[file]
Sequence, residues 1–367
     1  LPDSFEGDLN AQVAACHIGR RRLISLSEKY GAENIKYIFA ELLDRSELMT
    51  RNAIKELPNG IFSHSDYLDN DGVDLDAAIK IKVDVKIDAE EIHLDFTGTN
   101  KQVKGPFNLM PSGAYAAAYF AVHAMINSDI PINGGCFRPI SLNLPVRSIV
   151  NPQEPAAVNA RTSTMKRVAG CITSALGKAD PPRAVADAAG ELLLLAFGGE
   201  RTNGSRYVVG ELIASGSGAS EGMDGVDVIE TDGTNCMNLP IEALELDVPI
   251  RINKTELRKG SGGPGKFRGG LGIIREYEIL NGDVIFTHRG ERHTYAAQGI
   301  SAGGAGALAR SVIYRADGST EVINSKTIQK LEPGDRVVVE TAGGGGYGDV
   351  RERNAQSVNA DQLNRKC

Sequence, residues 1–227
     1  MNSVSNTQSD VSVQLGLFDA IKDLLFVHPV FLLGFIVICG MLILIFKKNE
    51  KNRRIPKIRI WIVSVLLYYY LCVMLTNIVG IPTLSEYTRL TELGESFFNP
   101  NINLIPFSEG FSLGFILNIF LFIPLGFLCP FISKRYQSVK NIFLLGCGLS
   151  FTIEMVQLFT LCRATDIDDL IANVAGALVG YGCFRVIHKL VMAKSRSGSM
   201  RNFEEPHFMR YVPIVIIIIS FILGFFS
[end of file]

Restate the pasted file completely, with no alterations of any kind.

Sequence, residues 1–367
     1  LPDSFEGDLN AQVAACHIGR RRLISLSEKY GAENIKYIFA ELLDRSELMT
    51  RNAIKELPNG IFSHSDYLDN DGVDLDAAIK IKVDVKIDAE EIHLDFTGTN
   101  KQVKGPFNLM PSGAYAAAYF AVHAMINSDI PINGGCFRPI SLNLPVRSIV
   151  NPQEPAAVNA RTSTMKRVAG CITSALGKAD PPRAVADAAG ELLLLAFGGE
   201  RTNGSRYVVG ELIASGSGAS EGMDGVDVIE TDGTNCMNLP IEALELDVPI
   251  RINKTELRKG SGGPGKFRGG LGIIREYEIL NGDVIFTHRG ERHTYAAQGI
   301  SAGGAGALAR SVIYRADGST EVINSKTIQK LEPGDRVVVE TAGGGGYGDV
   351  RERNAQSVNA DQLNRKC

Sequence, residues 1–227
     1  MNSVSNTQSD VSVQLGLFDA IKDLLFVHPV FLLGFIVICG MLILIFKKNE
    51  KNRRIPKIRI WIVSVLLYYY LCVMLTNIVG IPTLSEYTRL TELGESFFNP
   101  NINLIPFSEG FSLGFILNIF LFIPLGFLCP FISKRYQSVK NIFLLGCGLS
   151  FTIEMVQLFT LCRATDIDDL IANVAGALVG YGCFRVIHKL VMAKSRSGSM
   201  RNFEEPHFMR YVPIVIIIIS FILGFFS